| Toe time: Birkenstock sandals, named (from left) Saphire, Jade and Topaz. (AFP)
Paris, July 29 (AFP): There is a very popular French expression “prendre son pied” that literally means “take your foot” but actually translates as “experiencing the ultimate in sensual pleasure”.
So it may be hardly surprising that in the capital of fashion the foot has taken centre-stage, sweeping Paris off its feet and playing as big a part in the game of seduction as the figure or face.
“The foot is becoming an object of seduction,” said a spokesman for No Nails, a thriving manicure-pedicure concern that opened a store in central Paris just over a year ago and now has three — one of many such shops mushrooming across the city.
In the past four or five years, fashionistas in the warm months have increasingly gone for open footwear featuring bare feet. But never has the “G-string for feet”, better known as the thong, been so popular as it is today.
Originally designed to flip-flop across hot sand, the thong sandal now is the urban cruiser, so hot, so hip it is worn on city streets with summer suits and dresses, by day and by night, bejewelled, beflowered, even set high on platform heels.
But as any footsore walker knows, there can be nothing worse or less pleasing to the eye than raw painful feet, caked in blisters and corns or oozing foot rot. Putting one’s feet up is vital to getting off on the right foot.
Be it foot massages, special cosmetics, reflexology or just comfortable shoes, Parisians are looking after their soles as never before.
Euro Nature, an alternative medicine centre that trains osteopaths and naturopaths, has had to multiply by two to three its classes in reflexology, a system of foot massage used to relieve tension and treat illness.
“Some people come seeking relief, others come to relax,” said Jean-Louis Glaziou, one of its graduates.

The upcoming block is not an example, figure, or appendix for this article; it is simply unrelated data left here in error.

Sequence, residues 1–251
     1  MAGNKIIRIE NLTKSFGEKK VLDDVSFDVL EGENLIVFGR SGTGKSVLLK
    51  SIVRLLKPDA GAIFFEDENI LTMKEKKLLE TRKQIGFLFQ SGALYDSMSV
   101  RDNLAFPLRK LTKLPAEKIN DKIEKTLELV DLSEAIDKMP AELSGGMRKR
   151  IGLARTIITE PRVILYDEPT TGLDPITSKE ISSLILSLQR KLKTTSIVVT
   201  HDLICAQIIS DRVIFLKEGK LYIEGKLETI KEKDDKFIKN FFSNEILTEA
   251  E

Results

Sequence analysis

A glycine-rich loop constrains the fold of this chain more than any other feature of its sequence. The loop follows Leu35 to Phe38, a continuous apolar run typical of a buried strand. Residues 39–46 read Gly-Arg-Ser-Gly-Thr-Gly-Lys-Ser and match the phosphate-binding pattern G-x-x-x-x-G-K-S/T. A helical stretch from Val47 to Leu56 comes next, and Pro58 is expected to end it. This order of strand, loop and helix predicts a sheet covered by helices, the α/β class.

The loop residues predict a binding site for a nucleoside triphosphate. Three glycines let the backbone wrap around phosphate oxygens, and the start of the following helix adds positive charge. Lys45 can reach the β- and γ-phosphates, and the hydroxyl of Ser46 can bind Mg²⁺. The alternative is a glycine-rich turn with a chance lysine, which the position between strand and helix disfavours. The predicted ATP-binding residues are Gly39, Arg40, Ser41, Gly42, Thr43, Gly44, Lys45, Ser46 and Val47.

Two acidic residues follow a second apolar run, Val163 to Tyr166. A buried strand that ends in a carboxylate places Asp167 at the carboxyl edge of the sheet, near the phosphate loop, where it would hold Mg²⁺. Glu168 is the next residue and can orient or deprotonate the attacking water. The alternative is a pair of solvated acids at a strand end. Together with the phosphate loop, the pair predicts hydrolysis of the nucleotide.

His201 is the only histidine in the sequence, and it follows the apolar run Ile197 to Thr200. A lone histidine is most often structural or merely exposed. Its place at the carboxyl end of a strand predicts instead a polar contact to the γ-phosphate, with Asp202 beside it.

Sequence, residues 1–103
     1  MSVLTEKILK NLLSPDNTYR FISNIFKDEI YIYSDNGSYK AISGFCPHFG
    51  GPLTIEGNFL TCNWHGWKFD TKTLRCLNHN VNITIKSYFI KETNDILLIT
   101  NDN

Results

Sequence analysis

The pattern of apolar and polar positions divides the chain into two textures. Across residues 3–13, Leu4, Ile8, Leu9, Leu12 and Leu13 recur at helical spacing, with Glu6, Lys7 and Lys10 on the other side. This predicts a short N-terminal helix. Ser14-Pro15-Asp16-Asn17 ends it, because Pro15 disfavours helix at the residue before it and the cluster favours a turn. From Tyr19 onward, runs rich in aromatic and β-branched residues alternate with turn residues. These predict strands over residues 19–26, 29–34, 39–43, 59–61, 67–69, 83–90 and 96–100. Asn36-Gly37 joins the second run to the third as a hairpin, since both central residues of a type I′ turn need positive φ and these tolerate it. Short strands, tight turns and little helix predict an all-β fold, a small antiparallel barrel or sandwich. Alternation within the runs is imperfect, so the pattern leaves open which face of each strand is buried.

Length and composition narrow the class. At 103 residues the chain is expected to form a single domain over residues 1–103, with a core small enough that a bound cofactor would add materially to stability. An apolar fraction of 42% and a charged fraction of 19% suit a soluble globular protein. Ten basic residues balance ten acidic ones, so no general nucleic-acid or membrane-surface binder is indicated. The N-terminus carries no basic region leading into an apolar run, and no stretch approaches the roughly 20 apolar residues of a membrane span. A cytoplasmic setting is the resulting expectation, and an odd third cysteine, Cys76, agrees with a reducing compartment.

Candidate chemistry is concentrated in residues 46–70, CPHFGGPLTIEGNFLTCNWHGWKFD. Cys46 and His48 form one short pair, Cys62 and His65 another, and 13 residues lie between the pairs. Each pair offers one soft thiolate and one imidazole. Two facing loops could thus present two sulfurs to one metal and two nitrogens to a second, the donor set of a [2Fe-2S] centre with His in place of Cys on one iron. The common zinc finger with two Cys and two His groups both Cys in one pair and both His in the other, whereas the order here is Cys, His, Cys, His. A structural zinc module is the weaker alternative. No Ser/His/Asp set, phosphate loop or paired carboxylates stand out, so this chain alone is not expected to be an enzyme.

“Beauty treatment for feet is becoming routine,” said Emma Brennan of Artistic Nail, a parlour that offers basics as well as decorating nails with flowers, animals and the like. “People take out their summer shoes and realise their feet need help. Nice shoes need nice feet.”
Cathy Marin, a 38-year-old who runs the hip Au Pied Leve pedicure and massage parlour, thanked changing lifestyle and fashion trends for the steady improvement in the foot business in the past 12 years.
“Our clientele used to be women from my mother’s generation, women over 60 who had always worn uncomfortable high heels and who had sore feet. Now we get young people, aged 20 to 35, who come just for the pleasure of a massage, or who want their feet to look good,” she said.
The Asian influence on French trends and the importance of feet in Asian cultures also had helped propel the foot into the spotlight, Marin noted.
The Scandinavian and German affection for comfortable shoes also has invaded Paris, with shoes once derided as ugly clodhoppers fit for the old and the ailing now selling like hotcakes.
In the trendy Montmartre district, a rack of corksoled cloglike Birkenstock sandals stood half empty in the Sausalito shoe store. In the even trendier Marais, staff at the Anatomica shop of comfortable shoes faced long queues and steady phone calls as the latest batch of sandals were delivered in boxes stacked on the floor.
“No, no, no! We can’t put them aside. We just can’t keep up with the demand,” said one harried salesman.
The popularity of health and comfort brands such as Birkenstock, Dr Scholl’s or Berkemann is such now in Paris that an anti-Birkenstock website has been set up decrying “the threat to French aesthetics” of “this terribly hideous” phenomenon “once restricted to a handful of other countries”.
“Parisians have only just realised that you don’t have to have sore feet,” said owner Pierre Fournier.
Dr Scholl’s meanwhile are redesigning the sensible old sandal to give it a modern touch, using denims and heels and pastels to draw new customers. “Feet have become essential to one’s well being,” said Muriel Nicolas, the company’s press officer in Paris. “First it was the face, then it was the body and now it’s the foot.”
What happens after summer' From October on, fashion conscious women will be able to showcase their feet in strappy stilettos, wedge sandals and classy pumps if they dare adopt trends seen on the Paris and Milan catwalks for autumn winter 2003-2004.
At Christian Dior, for example, John Galliano offered skyhigh platform heels with bikergirl buckles and silver studs, while Marc Jacobs opted for more subdued crocodile pumps at Louis Vuitton. And for those not so keen on wiggling their toes, sexy thigh-high boots are due to be a must have.